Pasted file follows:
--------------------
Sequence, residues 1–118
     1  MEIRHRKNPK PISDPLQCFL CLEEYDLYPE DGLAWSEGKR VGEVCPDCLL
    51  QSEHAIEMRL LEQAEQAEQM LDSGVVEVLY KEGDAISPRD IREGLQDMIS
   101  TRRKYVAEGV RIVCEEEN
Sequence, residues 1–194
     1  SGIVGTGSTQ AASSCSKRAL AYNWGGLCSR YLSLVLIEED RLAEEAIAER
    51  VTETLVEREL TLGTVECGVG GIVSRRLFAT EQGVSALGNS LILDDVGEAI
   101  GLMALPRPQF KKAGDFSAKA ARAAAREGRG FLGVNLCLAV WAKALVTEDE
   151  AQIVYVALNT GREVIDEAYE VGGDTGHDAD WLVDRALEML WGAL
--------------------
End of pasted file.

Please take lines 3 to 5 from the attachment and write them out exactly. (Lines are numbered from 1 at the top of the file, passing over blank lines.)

    51  QSEHAIEMRL LEQAEQAEQM LDSGVVEVLY KEGDAISPRD IREGLQDMIS
   101  TRRKYVAEGV RIVCEEEN
Sequence, residues 1–194